Despite things opening back up, we’re still in a pandemic. Vaccines continue to roll out while masks continue to stay in fashion, so we need to make sure that we do our best to keep from spreading Covid-19. However, that doesn’t mean that we shouldn’t keep living our lives. Even the most devout introverts can catch a case of cabin fever. We just need to stay smart about it. Luckily, if you live in Long Beach, you got plenty of smart choices.
If you feel like you’re about to pull a Yellow Wallpaper, try these activities in Long Beach that will stave off boredom while keeping you safe.
1. Long Beach Antique Market
If you love thrifting, keep reading. The Long Beach Antique Market showcases a variety of vintage sellers in an outdoor setting. They sell basically everything: vintage clothes, furniture, artwork, lawn ornaments, musical instruments, and much more.
“When the antique market opened up, they made sure everyone was comfortable first. They’d separate the stands. I like going over there to support small businesses, especially because I know they were hit hardest during Covid,” Long Beach City College senior Ilehen Luna said.
Not only do you get to enjoy thrift shopping safely, but you also get to support local sellers. Admission is only $8 or $12 if you want to get in before everyone else. The market appears monthly, so keep an eye out. Start looking around your room to decide if you need a new rug because the next shopping spree begins on Aug 15.
2. Aquarium of the Pacific
Want to see some fish but don’t feel like swimming? The Aquarium of the Pacific hosts a menagerie of aquatic life (and Rainbow Lorikeets) that will leave you in awe. The aquarium welcomes people back with a strict mask protocol alongside numerous hand sanitation stations to keep guests safe.
“They only allowed people in the outside area and the tickets were cheaper; the tickets were also cheaper, so that’s a plus,” Cal State Los Angeles junior Janis Jimenez said.
Check out exhibits featuring critters from tide pools, the open ocean, coral reefs, and a forest of lorikeets that guests can feed. We may remain safe from Covid-19, but nothing will keep us safe from some very enthusiastic lorikeets.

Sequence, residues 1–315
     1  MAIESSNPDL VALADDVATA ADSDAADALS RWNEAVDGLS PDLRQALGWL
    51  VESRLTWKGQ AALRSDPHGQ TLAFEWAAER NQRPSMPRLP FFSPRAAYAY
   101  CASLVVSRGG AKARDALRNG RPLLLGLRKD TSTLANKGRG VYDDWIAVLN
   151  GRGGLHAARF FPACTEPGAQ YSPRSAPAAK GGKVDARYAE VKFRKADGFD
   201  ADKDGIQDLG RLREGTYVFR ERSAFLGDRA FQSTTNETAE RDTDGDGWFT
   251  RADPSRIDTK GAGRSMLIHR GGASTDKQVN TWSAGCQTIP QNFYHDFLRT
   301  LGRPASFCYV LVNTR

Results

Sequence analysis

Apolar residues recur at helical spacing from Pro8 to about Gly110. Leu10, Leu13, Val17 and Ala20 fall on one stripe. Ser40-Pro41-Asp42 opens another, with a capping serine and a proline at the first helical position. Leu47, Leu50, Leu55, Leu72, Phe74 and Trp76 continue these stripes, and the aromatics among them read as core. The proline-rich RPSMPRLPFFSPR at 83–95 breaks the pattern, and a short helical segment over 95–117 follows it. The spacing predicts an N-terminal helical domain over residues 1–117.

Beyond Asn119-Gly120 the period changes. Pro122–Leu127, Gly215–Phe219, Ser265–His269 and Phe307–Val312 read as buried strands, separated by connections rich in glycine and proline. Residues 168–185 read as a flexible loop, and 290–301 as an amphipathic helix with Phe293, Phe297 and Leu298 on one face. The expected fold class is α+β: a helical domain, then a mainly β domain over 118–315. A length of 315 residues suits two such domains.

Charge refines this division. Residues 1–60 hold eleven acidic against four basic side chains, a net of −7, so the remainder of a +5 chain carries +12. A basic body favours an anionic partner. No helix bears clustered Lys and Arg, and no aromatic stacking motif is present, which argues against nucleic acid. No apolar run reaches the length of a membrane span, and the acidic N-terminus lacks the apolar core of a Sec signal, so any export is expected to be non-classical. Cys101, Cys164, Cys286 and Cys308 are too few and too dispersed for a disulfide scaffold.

3. The Pike
Let’s go shopping. The Pike Outlets give visitors a wide variety of shops and restaurants in an outdoor setting. Hop from shop to shop, then grab a bite. Everyone could use a new sweater and a sweet treat from Cold Stone.
“The Pike continues to be a staple attraction in Long Beach with its cozy shoreside eateries and nostalgic attractions,” Long Beach City College senior Michael Juarez said. “Small businesses and other attractions have adhered to safety protocols that give the public trust.”
Since the Pike’s an outlet mall, shoppers can find some pretty sweet deals. Get everything you need from popular brands while enjoying a view of the harbor. They also got a Ferris wheel and a carousel, so this mall gets an A in my book.
4. Long Beach Museum of Art
Struck with artist’s block? Why not get inspired? The Long Beach Museum of Art sits right by the water, so you can enjoy a beautiful view while on your way to see some lovely artwork. The museum now asks for reservations along with social distancing to keep crowds to a minimum. Enjoy some beautiful art while in a nice, quiet setting. The museum features a wide variety of collections, from 17th-century ceramics to 21st-century sculptures. Currently, Tristan Eaton’s work is showcased until October 3rd. Feeling fancy yet?
5. Museum of Latin American Art (MOLAA)
Need some more inspiration? MOLAA is the only museum in the United States that primarily features contemporary Latin and Latino art. Although reservations are encouraged rather than required, masks remain mandatory for indoor spaces. Right now, they’re featuring an exhibit for Judy Baca’s work until January 2022. If you want to get a feel for the museum before you go, check out their YouTube channel to get a sneak peek at some of their exhibits and to hear from featured artists.